On Tuesday, August 16, 2016, I read an article in the Wall Street Journal with this title: Treating Children for Sensory Processing Disorder. Since I have treated hundreds of these children, I am posting here some of the facts that I have learned. First of all let me provide some extracts from this article that is all about a diagnosis of “Sensory Processing Disorder” (SPD). The article says that SPD is believed to affect 5% to 16% of children in the United States.
I want to make it clear what we are talking about. This article describes a three-year-old child who, when accompanying his mother to the grocery store would have meltdowns. His mother was quoted as saying “he would literally bite me throughout the grocery store”. An occupational therapist determined that he had SPD: “a condition in which the body and brain have difficulty processing and responding to sensory stimuli in the environment”. The article goes on to say that “some people with SPD are hypersensitive to loud noises or different textured foods. Others may be agitated by the touch of a clothing tag”. The Director of Occupational Therapy (DOT) research at Cincinnati Children’s Hospital Medical Center was reported as saying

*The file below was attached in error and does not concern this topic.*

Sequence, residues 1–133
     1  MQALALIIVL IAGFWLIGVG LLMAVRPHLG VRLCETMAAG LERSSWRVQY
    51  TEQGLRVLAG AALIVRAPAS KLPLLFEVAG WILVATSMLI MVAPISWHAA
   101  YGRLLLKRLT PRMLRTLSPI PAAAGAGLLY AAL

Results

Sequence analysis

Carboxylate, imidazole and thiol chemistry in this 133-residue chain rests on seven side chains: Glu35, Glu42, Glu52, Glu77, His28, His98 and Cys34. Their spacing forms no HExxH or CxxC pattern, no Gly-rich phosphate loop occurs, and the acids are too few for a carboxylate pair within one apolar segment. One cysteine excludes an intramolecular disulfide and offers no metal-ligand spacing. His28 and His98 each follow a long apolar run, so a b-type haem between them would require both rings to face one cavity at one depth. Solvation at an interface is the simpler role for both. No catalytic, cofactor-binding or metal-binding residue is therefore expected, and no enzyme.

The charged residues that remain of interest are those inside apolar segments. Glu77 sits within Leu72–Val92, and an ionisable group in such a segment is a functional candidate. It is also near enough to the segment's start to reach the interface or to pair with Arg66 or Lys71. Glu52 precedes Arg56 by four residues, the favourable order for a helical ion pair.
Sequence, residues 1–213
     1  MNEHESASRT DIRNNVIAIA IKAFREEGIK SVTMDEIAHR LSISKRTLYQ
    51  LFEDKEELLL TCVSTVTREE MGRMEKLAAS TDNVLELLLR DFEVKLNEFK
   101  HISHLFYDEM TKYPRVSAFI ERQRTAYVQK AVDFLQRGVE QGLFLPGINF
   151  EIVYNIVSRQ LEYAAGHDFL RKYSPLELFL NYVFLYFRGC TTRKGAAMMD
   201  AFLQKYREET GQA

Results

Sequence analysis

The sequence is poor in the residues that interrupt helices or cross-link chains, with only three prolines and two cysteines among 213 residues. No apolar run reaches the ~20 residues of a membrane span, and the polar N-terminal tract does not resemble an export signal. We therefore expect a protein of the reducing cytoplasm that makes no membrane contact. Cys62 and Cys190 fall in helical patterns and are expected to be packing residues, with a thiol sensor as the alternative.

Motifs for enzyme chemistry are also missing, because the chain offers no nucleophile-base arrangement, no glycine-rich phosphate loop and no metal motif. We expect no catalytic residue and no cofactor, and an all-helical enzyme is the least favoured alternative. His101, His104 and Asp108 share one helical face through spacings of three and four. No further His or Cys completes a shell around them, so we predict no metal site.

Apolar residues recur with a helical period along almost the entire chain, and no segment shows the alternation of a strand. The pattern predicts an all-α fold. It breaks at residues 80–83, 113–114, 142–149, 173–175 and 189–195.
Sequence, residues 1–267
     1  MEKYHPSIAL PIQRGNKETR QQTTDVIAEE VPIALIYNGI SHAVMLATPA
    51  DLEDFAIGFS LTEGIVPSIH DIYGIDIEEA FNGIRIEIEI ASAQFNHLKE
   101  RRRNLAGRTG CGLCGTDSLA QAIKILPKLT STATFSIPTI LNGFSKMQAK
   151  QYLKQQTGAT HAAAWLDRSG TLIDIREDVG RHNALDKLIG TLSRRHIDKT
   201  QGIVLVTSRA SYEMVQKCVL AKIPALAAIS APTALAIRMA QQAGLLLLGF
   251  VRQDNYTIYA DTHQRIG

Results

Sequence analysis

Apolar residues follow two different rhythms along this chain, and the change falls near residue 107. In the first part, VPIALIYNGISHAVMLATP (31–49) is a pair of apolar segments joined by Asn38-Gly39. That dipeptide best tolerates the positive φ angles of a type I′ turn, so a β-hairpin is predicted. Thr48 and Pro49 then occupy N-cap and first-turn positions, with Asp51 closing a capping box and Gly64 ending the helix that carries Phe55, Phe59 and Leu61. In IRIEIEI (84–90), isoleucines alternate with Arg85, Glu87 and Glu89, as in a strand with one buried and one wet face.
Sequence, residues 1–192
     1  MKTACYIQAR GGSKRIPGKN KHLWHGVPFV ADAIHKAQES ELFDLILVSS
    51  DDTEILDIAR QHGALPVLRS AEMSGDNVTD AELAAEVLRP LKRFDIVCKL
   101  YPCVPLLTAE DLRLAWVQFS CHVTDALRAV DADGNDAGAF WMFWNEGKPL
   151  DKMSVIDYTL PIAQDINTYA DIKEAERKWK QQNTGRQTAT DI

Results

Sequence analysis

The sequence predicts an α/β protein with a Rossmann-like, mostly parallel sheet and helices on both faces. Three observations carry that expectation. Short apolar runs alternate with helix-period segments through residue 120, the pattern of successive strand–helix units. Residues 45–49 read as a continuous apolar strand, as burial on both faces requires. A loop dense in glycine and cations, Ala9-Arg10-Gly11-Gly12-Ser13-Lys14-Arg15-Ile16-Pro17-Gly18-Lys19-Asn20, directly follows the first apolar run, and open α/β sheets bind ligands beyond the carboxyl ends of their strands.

“occupational therapists treat dozens of SPD patients every week. It can affect just one sense, such as hearing, touch or taste, or multiple senses. Sensory processing problems can also affect the body’s vestibular system, creating difficulties with balance, or the proprioceptive system, leading to problems with clumsiness and body positioning”.